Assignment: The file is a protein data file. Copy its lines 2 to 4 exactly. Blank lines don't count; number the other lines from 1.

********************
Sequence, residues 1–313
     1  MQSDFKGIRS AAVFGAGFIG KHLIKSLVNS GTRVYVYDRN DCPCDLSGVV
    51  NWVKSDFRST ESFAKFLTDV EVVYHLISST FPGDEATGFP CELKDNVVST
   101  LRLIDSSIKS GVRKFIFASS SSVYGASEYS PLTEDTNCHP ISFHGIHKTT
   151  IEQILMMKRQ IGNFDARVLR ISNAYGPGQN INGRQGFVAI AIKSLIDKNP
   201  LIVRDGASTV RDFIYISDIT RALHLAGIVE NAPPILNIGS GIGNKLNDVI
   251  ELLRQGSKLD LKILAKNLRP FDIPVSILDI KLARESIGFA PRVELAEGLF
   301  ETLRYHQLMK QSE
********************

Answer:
     1  MQSDFKGIRS AAVFGAGFIG KHLIKSLVNS GTRVYVYDRN DCPCDLSGVV
    51  NWVKSDFRST ESFAKFLTDV EVVYHLISST FPGDEATGFP CELKDNVVST
   101  LRLIDSSIKS GVRKFIFASS SSVYGASEYS PLTEDTNCHP ISFHGIHKTT